1. ANTHGS06: Ethnography of Forest Peoples 5 items
    1. Course Tutor 1 item
      1. Dr Lewis Daly

        Room 235, Anthropology Department

        Office hours: Mondays, 2-4pm

    2. Seminar Details 1 item
      1. Room 333, Rockefeller Building

        Term One - Tuesdays, 9-11am

    3. Course Objectives 1 item
      1. This postgraduate course explores the ethnography of forest-dwelling peoples from a variety of perspectives, with a comparative focus on regions including Amazonia, the Congo Basin, South Asia, Indonesia, and Melanesia. The course will explore a range of key conceptual issues and methodological debates in the anthropological study of forest-based societies.


        The 10-week module will address a number of pertinent topics in the ethnography of forest peoples, including the archaeology and historical ecology of tropical forests, concepts of nature and society, notions of the body and personhood, shamanism and ritual, agriculture and human-plant relations, hunting and human-animal relations, and the politics of conservation - the latter including an appraisal of community-based ecotourism ventures, PES incentives, and REDD+ schemes.


        Various theoretical perspectives in environmental anthropology will be explored throughout the course, including historical ecology, cultural ecology, ethnobiology, post-structuralism, interpretive anthropology, political ontology, and multispecies ethnography. Throughout the term, we will evaluate and debate the ethics and politics of conducting anthropological research with forest-dwelling peoples in the twenty-first century.


        The module also has a multimedia component, with at least one ethnographic or documentary film being listed per week in the reading list. The representation of indigenous and non-indigenous forest-dwelling peoples in visual media such as film constitutes an important resource for social anthropologists.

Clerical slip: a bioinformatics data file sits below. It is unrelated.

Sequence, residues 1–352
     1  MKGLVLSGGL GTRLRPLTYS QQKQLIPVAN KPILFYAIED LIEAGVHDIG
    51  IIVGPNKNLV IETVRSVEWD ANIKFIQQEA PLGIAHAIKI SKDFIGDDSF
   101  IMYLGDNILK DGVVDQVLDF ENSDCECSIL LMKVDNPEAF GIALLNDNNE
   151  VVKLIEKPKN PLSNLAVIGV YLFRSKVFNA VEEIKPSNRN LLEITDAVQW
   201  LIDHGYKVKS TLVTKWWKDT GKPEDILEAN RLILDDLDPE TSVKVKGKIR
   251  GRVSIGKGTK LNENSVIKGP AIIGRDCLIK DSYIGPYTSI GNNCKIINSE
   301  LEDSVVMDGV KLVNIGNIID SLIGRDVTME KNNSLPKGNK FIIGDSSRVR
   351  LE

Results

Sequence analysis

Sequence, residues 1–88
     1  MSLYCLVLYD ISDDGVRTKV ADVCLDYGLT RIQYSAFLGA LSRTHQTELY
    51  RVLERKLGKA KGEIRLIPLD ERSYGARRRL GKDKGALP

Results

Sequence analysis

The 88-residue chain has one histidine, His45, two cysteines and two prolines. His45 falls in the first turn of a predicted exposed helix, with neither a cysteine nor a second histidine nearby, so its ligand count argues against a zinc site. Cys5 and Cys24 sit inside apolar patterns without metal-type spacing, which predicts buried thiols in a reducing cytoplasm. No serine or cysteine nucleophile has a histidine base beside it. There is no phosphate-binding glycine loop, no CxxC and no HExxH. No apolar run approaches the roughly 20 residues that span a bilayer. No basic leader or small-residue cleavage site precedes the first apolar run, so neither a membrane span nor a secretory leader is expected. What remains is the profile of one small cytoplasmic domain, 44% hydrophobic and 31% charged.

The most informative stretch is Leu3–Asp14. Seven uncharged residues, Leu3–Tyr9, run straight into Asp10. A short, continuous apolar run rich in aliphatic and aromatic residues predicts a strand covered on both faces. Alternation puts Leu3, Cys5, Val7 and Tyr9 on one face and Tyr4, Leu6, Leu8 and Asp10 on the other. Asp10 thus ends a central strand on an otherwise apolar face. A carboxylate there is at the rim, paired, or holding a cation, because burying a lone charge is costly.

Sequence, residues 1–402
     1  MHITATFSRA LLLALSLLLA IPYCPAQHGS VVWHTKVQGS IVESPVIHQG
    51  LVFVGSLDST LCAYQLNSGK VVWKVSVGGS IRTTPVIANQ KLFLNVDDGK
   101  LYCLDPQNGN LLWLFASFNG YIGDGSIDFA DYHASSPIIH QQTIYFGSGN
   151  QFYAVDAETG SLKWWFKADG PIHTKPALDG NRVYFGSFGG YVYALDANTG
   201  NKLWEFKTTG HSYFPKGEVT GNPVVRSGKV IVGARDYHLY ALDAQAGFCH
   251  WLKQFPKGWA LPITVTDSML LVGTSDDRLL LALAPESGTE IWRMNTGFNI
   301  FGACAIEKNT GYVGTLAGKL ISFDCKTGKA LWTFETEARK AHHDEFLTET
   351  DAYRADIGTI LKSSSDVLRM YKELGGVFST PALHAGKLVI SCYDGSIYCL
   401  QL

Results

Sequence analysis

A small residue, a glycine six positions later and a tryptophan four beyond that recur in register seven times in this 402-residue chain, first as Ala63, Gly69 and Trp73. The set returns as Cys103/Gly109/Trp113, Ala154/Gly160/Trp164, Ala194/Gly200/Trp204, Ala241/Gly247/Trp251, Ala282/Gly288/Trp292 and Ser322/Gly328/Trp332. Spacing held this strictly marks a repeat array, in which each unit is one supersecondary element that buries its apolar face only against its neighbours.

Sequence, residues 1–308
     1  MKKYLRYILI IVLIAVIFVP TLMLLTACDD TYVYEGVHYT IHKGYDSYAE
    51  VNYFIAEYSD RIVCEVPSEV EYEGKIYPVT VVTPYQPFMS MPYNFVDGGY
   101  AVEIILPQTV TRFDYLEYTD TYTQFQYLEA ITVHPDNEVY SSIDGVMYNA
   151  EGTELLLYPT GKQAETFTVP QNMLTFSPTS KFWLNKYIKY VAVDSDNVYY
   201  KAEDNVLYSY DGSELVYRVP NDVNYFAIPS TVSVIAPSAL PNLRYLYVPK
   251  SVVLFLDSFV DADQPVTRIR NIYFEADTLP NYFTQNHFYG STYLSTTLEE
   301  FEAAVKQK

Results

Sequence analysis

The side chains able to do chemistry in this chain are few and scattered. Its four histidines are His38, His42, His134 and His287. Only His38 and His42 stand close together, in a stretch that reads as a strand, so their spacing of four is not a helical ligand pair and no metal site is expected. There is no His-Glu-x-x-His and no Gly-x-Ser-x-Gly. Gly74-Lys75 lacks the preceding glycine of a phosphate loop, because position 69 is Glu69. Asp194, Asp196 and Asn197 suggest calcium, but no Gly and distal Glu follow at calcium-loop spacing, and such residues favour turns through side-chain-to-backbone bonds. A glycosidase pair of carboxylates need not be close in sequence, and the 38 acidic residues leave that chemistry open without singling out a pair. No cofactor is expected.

4. Evaluation 1 item
      1. Assessment for this course consists of one 2,500-word essay to be handed in at the start of the Spring Term (by 12pm on Friday, 5th January 2018). Students must also complete a formative peer-marked book review during reading week (by 12pm on Friday, 10th November 2017), which is mandatory but does not contribute to the final grade.

    5. Course Schedule 1 item
      1. TERM 1


        1.    Introduction: What is a Forest?


        2.    Historical Ecology and The Pristine Myth


        3.    Nature and Society


        4.    Personhood and The Body


        5.    Shamanism, Ritual, and Cosmology


        6.    Reading Week


        7.    Forest Livelihoods: Hunting and Farming


        8.    The Politics of Conservation


        9.    Guest Seminar: The Language of the Forest (Dr Guilherme Heurich)


        10.  Violence and Anthropological Ethics in Amazonia


        11.  Reading Week

  2. 1. Introduction: What is a Forest? 17 items
    The first session serves as a general introduction to the course, in which we will outline the primary aims and objectives of the module. We will ask the question, what is a forest - biophysically, culturally, and conceptually? As preparation, it is recommended that you read the introductory articles and browse some of the monographs listed in the introductory reading list below.
 In particular, it is useful to look through the photographic volumes by Lévi-Strauss (1994), Århem (1998), and Davis (2004), as well as the popular monographs by Lévi-Strauss (1955) and Descola (1997). The listed ethnographic film - 'The Spirit Hunters' (1994) - serves as a good introduction to many of the themes covered in the course.
    1. Introductory Readings 3 items
      1. Amazonian Anthropology - Joanna Overing-Kaplan 1981

        Article Recommended

      2. Brazilian Indians - Survival International, Fiona Watson 2016

        Article Recommended

    2. Popular Monographs 5 items
      1. Consuming Grief: Compassionate cannibalism in an Amazonian society - Beth A. Conklin 2001

        Book Recommended

      2. The Spears of Twilight: Life and death in the Amazon jungle - Philippe Descola 1997

        Book Recommended

      3. The Falling Sky: Words of a Yanomami shaman - Davi Kopenawa, Bruce Albert 2013

        Book Recommended

      4. Tristes Tropiques - Claude Lévi-Strauss 1955

        Book Recommended

      5. The Forest People: A study of the Pygmies of the Congo - Colin M. Turnbull 1961

        Book Recommended

    3. Photographic Volumes 4 items
      1. Makuna: Portrait of an Amazonian people - Kaj Århem 1998

        Book Recommended

      2. Saudades do Brasil: A photographic memoir - Claude Lévi-Strauss 1995

        Book Recommended

      3. Unknown Amazon: Culture in nature in ancient Brazil - Colin McEwan, Cristiana Barreto, Eduardo Neves 2001

        Book Recommended

    4. Edited Volumes 4 items
      1. Advances in Historical Ecology - William Balée 1998

        Book Recommended

      2. Beyond the Visible and the Material: The Amerindianization of society in the work of Peter Rivière - Laura M. Rival, Neil L. Whitehead 2001

        Book Recommended

    5. Ethnographic Film 1 item
      1. The Spirit Hunters - Kim MacQuarrie, Glenn H. Shepard Jr. 1994